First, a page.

Report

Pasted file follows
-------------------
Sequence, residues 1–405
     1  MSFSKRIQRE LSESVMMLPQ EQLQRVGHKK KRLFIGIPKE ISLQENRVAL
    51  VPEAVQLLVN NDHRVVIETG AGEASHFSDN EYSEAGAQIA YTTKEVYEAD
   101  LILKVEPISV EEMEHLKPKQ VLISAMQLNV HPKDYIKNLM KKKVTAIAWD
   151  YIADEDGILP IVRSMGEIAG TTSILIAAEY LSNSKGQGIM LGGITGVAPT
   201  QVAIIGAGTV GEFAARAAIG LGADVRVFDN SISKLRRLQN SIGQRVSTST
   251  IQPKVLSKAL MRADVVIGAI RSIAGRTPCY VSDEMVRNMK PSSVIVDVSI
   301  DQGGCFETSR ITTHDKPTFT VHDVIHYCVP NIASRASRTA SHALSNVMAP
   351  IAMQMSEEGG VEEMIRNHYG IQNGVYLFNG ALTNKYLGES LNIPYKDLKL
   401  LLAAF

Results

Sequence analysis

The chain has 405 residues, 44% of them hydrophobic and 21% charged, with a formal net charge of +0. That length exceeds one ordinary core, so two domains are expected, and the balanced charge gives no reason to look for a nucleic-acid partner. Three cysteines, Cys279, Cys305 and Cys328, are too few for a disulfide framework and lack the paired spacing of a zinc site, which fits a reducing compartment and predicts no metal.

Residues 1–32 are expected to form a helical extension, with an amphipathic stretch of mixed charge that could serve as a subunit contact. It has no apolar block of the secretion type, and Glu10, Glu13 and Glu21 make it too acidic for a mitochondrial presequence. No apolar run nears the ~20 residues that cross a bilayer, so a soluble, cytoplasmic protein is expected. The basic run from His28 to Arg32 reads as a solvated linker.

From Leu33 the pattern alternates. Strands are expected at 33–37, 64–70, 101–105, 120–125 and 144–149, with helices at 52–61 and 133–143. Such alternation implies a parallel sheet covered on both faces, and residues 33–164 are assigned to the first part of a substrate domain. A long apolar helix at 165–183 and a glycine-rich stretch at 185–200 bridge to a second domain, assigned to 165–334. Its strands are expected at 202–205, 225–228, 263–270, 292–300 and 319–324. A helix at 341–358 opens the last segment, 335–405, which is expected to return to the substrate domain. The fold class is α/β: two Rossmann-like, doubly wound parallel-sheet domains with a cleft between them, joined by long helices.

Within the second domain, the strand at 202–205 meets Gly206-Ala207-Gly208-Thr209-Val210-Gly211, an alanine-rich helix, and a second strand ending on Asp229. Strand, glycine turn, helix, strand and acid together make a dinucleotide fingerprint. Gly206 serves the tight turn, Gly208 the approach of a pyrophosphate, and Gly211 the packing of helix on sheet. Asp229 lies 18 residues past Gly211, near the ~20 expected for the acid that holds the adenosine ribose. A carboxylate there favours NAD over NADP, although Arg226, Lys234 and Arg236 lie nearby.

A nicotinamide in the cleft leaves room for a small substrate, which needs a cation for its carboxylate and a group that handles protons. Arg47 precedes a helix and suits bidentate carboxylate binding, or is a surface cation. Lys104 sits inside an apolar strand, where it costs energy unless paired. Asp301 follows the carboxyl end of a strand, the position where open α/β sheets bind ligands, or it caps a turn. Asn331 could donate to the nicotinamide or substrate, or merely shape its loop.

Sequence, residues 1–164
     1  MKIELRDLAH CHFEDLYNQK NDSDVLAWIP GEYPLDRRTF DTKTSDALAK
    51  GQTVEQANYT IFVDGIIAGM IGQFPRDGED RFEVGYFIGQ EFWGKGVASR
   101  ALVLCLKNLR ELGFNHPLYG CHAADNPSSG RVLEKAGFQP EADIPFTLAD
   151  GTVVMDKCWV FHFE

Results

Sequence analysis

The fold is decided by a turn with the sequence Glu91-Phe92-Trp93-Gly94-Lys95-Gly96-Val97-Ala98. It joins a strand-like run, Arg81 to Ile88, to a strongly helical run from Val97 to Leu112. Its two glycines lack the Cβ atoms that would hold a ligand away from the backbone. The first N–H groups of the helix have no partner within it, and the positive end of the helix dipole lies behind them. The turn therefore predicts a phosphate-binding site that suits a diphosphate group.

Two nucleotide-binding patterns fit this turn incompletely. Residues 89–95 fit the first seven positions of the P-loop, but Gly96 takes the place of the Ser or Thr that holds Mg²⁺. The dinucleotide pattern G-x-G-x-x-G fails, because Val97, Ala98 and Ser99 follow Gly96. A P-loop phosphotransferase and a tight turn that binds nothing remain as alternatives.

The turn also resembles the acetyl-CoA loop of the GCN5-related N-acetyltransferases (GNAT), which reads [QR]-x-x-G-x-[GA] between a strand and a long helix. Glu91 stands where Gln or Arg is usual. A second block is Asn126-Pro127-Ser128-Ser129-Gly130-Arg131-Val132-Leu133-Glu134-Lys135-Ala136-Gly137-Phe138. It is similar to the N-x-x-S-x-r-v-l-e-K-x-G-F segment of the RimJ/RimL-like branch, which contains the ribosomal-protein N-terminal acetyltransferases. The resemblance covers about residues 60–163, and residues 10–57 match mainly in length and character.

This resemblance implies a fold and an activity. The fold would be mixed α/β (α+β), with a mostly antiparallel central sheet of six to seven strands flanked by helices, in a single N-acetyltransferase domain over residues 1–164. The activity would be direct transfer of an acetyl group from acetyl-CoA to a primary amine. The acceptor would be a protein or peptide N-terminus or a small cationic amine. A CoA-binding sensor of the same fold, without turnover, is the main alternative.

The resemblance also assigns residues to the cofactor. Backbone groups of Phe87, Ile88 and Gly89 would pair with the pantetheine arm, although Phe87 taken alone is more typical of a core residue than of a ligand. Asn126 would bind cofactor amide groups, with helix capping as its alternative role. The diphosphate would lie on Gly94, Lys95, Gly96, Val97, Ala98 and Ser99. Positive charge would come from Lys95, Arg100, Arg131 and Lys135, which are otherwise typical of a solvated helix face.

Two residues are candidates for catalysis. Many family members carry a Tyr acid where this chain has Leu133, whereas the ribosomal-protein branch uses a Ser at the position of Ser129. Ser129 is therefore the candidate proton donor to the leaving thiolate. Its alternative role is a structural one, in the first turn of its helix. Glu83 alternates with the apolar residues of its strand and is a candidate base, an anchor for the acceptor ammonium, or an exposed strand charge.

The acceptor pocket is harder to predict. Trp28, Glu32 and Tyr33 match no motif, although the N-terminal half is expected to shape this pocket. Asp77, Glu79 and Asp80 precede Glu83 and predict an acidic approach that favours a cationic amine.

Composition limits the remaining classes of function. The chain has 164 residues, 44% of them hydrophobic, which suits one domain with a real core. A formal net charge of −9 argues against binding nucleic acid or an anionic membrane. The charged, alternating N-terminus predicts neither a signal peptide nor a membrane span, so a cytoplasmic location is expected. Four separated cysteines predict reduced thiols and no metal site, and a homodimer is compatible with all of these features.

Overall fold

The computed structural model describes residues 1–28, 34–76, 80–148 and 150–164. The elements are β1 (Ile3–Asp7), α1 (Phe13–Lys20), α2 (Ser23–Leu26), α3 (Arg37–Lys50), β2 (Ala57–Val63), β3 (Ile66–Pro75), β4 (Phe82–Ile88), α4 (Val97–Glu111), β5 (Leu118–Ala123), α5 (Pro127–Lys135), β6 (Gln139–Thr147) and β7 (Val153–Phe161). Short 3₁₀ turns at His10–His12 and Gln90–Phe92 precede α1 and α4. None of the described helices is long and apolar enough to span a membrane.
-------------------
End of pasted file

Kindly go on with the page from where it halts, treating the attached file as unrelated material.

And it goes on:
Modulation Techniques for Mobile Radio 1 Modulation is the process of encoding the baseband or source information (voice, video, text) in a manner suitable for transmission. It generally involves translating a base band signal (or source) to a band pass signal, centered at a high carrier frequency. Demodulation is the process of extracting the base band message from the carrier. Modulation Techniques Modulation Analog Modulation (First Generation (1G) Mobile Radio) 2 Digital Modulation (2G, 3G and 4G systems) Review of Analog Modulation Techniques Amplitude Modulation (AM) • Message Signal -• Carrier Signal -• AM Signal 3 m(t) Ac cos(2πfc t) -- SAM (t) = Ac [1+m(t)]cos(2fc t) AM Spectrum S AM (f) = 0.5A [ (f - f ) + M(f - f ) + (f + f ) + M(f + f )] c Carrier 4 c Sidebands c c c AM Parameters • Modulation Index -- k= A / A 1 m c • Bandwidth -- BAM = 2 fm • Total Power in AM Signal PAM = 0.5A 2 [ 1 + 2 <m(t)> + <m2 (t)> ] c • Power in the carrier 5 -- Pc = Ac 2 / 2 Single Singleband AM Signal Lower Sideband S SSB A c [m(t)cos(2fc t) m(t)sin(2fc t)] Upper Sideband Where the Hilbert transform is defined as: m(t) m(t) h(t) 6 ; h(t) 1/ t SSB Generation Filter Method Baseband Filter m(t) A cos(2f t) c c SSSB (t) Baseband filter passes upper or lower sidebands 7 Balanced Modulator Carrier fc m(t) 8 -90o phase shift ∑ 90o SSSB (t) Properties of SSB 9 Bandwidth of SSB is very efficient = fm .However, Doppler spreading and Rayleigh fading can shift the signal spectrum, causing distortion. Frequency of the receiver oscillator must be exactly the same as that of the transmitted carrier fc. If not, this results in a frequency shift fc f, causing distortion. Pilot Tone SSB 10 Transmit a low level pilot tone along with the SSB signal. The pilot tone has information on the frequency and amplitude of the carrier. The pilot tone can be tracked using signal processing FFSR - Feed Forward Signal Regeneration. TTIB (Transparent Tone In-Band) System a ~ b m(t) 11 a ~ c f1 ~ d e ~ f2 f a b c f1 d e f 12 f2 BW f 2 f 1 frequency Properties of TTIB system 13 Base band signal is split into two equal width segments. Small portion of audio spectrum is removed and a low-level pilot tone is inserted in its place. This procedure maintains the low bandwidth of the SSB signal. Provides good adjacent channel protection. Demodulation of AM signals • Coherent Modulation • Non-coherent demodulation • Envelope Detectors 14 Demodulation of AM signals Coherent Modulation SAM R(t)cos(2fc t r ) A o cos(2fc t o ) 15 LPF VOUT (t) 0.5A oR(t)cos(r o ) Frequency Modulation • Message Signal – m(t) • FM Signal – S (t) A cos[2f t 2k FM C c • Power in FM Signal – PFM A c / 2 2 t f m(t)dt] • Frequency modulation index – k A / W f / W f f M 16 W = Highest frequency component in message signal AM = Peak value of modulating signal Phase Modulation • PM Signal SPM (t) = Ac cos[2 fc t +k m(t)] 17 • Phase Modulation Index k A M • Power in PM signal PPM A c 2 / 2 • Bandwidth BT 2f FM methods FM Modulation Direct Method – VCO Indirect Method – Armstrong FM Detection Slope Detection Zero Crossing Detection PLL Detection Quadrature Detection 18 Comparison between AM and FM FM AM •FM signals are less noisy, •AM signals are more noisy, because amplitude of signal amplitude cannot be limited is constant •The modulation index can be varied to obtain greater SNR(6dB for each doubling in bandwidth) •FM signals occupy more bandwidth (good for audio) 19 •Modulation index cannot be changed automatically. •AM signals occupy lesser bandwidth (good for video) Digital Modulation 20 VLSI and DSP promoted the advent of Digital Modulation Low noise Easier multiplexing of information (voice, data, video) Can accommodate digital transmission errors, source coding, encryption and equalization. DSP can implement digital modulators, demodulators completely in software. Basics of digital communications 21 In digital communication systems, the message) is represented as a time sequence of symbols or pulses. Each symbol has m finite states Number of bits required for m states: n = log2m bits/symbol Shannon’s bandwidth theorem 22 Bandwidth efficiency B = R / B bps/Hz R=Data rate in bits/second B=Bandwidth of modulated RF signal Shannon's formula: Bmax = C/B = channel capacity (bits/s) RF bandwidth = log2(1 + S/N) S/N = Signal to Noise ratio Practical digital systems For US digital cellular standard, R = 48.6 kbps RF bandwidth = 30 KHz For SNR 20 dB => 100 C = 30000 * log2(1 + S/N) 23 = 30000 * log2(1 + 100) = 199.75 kbps For GSM standard, R = 270.833 kbps C = 1.99 Mbps for S/N = 30 dB Line Coding 24 Line codes are used to provide particular spectral characteristics of a pulse train. Line codes provide the pulses to represent 0s and 1s. Line codes can be: o Return-to-zero (RZ) o Non-return-to-zero (NRZ) Line codes are Unipolar (0,V) or Bipolar (-V, V ) 1 0 Unipolar NRZ 1 V 0 Unipolar RZ V Bipolar NRZ -V 25 1 0 Pulse Shaping Techniques Bandlimited Channel 26 ISI – Inter Symbol Interference errors in transmission of symbols Pulse shaping techniques reduce the intersymbol effects Pulse shaping filters Raised cosine filter hRC (t) 27 sin(t/Ts ) cos(at/Ts) [ ] 2 (t/Ts ) (1 4at/2Ts) As the value of a (roll-off factor) increases, the bandwidth of the filter also increases As the value of a (roll-off factor) increases, the time sidelobe levels decrease. Implementation of raised-cosine filter Use identical [HRC (f)]1/2 filters at transmitter and receiver Symbol rate possible through raised cosine filter Rs 1/ Ts 2B/(1 a) where B is the filter bandwidth 28 Types of Digital Modulation Linear Non-Linear Amplitude of Amplitude of transmitted signal carrier is constant varies linearly with message signal m(t) 29 Spread Spectrum Transmission bandwidth >> signal bandwidth Low bandwidthallows more users High bandwidth – More usersLow noise high bandwidth Example systems: BPSK, QPSK FSK, GMSK W-CDMA, cdma 2000 Linear digital modulation 30 PSK or Phase Shift Keying of carrier: SPSK = A cos(wt + fk) fk = 0, (BPSK) fk = 0, /2, , 3/2 (QPSK) fk = 0,/4,/2,3/4,,5/4,3/2,7/4 (0PSK) Constellation Diagram Q(Quadrature) I (In Phase) 31 Properties of BPSK and QPSK BPSK BW = 2 RB = 2 / TB Pe,QPSK = Q[√(2 EB / N0)] RB – Bit rate, TB – Bit period EB – Energy/bit, N0 – Noise spectral density QPSK BW = RB = 1 / TB Pe,QPSK = Q[√(2 EB / N0)] 32 Nonlinear or envelope modulation Frequency shift keying The frequency of a constant amplitude carrier signal is switched between 2 values ( 1 and 0) SFSK Vh (t) (2Eb / Tb ) cos[2fc 2f]t,0 T Tb 1/ 2 SFSK Vi (t) (2Eb / Tb ) cos[2fc 2f]t,0 T Tb 1/ 2 33 Properties of FSK Transmission Bandwidth BT = 2f + 2B B = Bandwidth of digital base-band signal If a raised cosine pulse-shaping filter is used BT = 2f + (1 + a)R Probability of error 1/2 Pe,FSK = Q[(EB / N0) ] 34 Spread Spectrum Modulation techniques 35 Spread spectrum techniques employ a transmission bandwidth >> signal bandwidth The system is inefficient for a single user, but is efficient for many users Many users use the same bandwidth without significantly interfering with one another Principle of spread spectrum 36 Spread spectrum signals are pseudo random, and spreading waveform is controlled by a PN (pseudo – noise) sequence or code. Spread spectrum signals are demodulated at the receiver by cross correlation (matching) with the correct PN sequence. Advantages of spread spectrum techniques 37 PN codes are approximately orthogonal, and the receiver can separate each user based on their codes. Resistance to multi-path fading, because of large bandwidths and narrow time widths. PN Sequences 38 Pseudo Noise or Pseudo random sequence is a binary sequence of 1s and -1s PN sequences are generated by using sequential logic circuits Very low cross correlation exists between any two PN sequences High cross correlation exists between identical PN sequences Frequency Hopped Spread spectrum (FHSS) 39 A frequency hopping signal periodically changes the carrier frequency in a pseudorandom fashion. The set of possible carrier frequencies is called a hopset. Bandwidth of channel used in hopset Instantaneous bandwidth B Bandwidth of spectrum over which the hopping occurs total hopping bandwidth Wss Methodology of FHSS 40 Time duration between hops hopping period Ts Data is sent by hopping the transmitter carrier to seemingly random channels Small bursts of data are sent using conventional narrow band modulation before T/R hops again Hit -> Two users using the same frequency band at the same time Frequency Hopping Modulator Modulator DATA Oscillator Code Block 41 Frequency Hopping Signal Frequency Synchronizer PN Code Generator Frequency hopping demodulator Wideband Filter Frequency Hopping Signal 42 BP Filter Demodulation DATA Frequency Synthesizer PN Code Generator Synchronization System Properties of FHSS 43 Fast frequency hopping More than one frequency hop during each transmitted symbol -> Hopping rate ≥ symbol rate Slow frequency hopping Hopping rate < symbol rate Parameters of FH-SS 44 Probability of error for BPSK Spread Spectrum Pe = 0.5 x e -Eb/ 2N0 x (1 – ph ) + 0.5 ph ph = probability of hit = 1 – (1 – 1/M)K-1 M = number of hopping channels K = Total number of users Processing gain = Wss / B Direct Sequence Spread Spectrum (DSSS) code C1 C2 CN time 45 frequency Properties of Message Signal 46 m(t) is a time sequence of non-overlapping pulses of duration T, each of which has an amplitude (+/-) 1. The PN waveform consists of N pulses or chips for message symbol period T. NTC = T where TC is the chip period. Example: N=4 1 -1 1 -1 47 PN Wave for N =4 DSSS Transmitter S1(t) m1 (t) PN1(t) cos(2fc t 1 ) k mk(t) 48 1 PNK (t) cos(2fc t k ) r(t) Principles of transmitter operation The narrowband message signal mi(t) is multiplied by a pseudo noise code sequence that has a chip rate >> data rate of message. All users use the same carrier frequency and may transmit simultaneously. The kth transmitted signal is given by: Sk (t) (2Es / Ts )1/ 2mk (t)pk (t)cos(2fc t k ) 49 CDMA Receiver k Zi (t) (.)dt r(t) PNK (t) 50 cos(2fc t k ) mk (t) Principles of receiver operation At the receiver, the received signal is correlated with the appropriate PN sequence to produce desired variable. Z i1 (t) iT 1 (i 1)T 1 51 r(t)p1 (t 1 )cos[2fc (t 1 ) 1 ]dt Correlator output for ith user Z i1 (t) iT 1 r(t)p1 (t 1 )cos[2fc (t 1 ) 1 ]dt (i 1)T 1 •The multiplied signal will be p2(t) = 1 for the correct signal and will yield the dispersed signal and can be demodulated to yield the message signal mi(t). S1(t) (2Es / Ts ) m1(t)p1(t)cos(2fc t 1) 1/ 2 52 Parameters of DSSS Probability of bit error Pe = Q {1/ [(K –1)/3N + (N0/2Eb)]1/2} K = Number of users N = Number of chips/ symbol When Eb/No Pe = Q{[3N/(K-1)]1/2 } 53 Important Advantages of CDMA 54 Many users of CDMA use the same frequency. Either TDD or FDD may be used. Multipath fading may be substantially reduced because of large signal bandwidth. There is no absolute limit on the number of users in CDMA. Rather the system performance gradually degrades for all users as the number of users is increased. Drawbacks of CDMA 55 Self-jamming is a problem in a CDMA system. Self-jamming occurs because the PN sequences are not exactly orthogonal. The near- far problem occurs at a CDMA receiver if an undesired user has high detected power as compared to the desired user. Modulation performance in fading channels Fading Channel 56 s(t) r(t) r(t) = a(t) e-j(t) s(t) + n(t) a(t) = gain of the channel (t) = phase shift of the channel n(t) = additive gaussian noise Average signal to noise ratio at receiver = (EB / N0) a2 Probability of error in fading channels Probability of error Pe Pe (X)p(X)dX 0 Pe (X)= Probability of error for parent modulation, such as BPSK, FSK p(X) = pdf of x due to fading channel = (1/ )exp( x / ),x 0 57 Pe (X) and Pe for different systems Coherent binary PSK Pe (X) Q[(2EB /N0 ) ] 1/ 2 Pe 0.5[1 /(1 )] Coherent binary FSK Pe (X) Q[(EB /N0 ) ] 1/ 2 Pe 0.5[1 /(2 )] 58 Differential Binary PSK Pe (X) 0.5exp[(EB /N0 )] Pe [0.5/(1 )] Non-coherent orthogonal binary FSK Pe (X) 0.5exp[(EB / 2N0 )] Pe [0.5/(2 )] 59 Coherent GMSK Pe (X) Q[(2EB )] Pe 0.5{1 [ /( 1)] 1/ 2 1/ 4 =0.68, BT = 0.25, = 0.68 =0.85, BT = , = 0.85 BT = Bandwidth – bit duration product for GMSK 60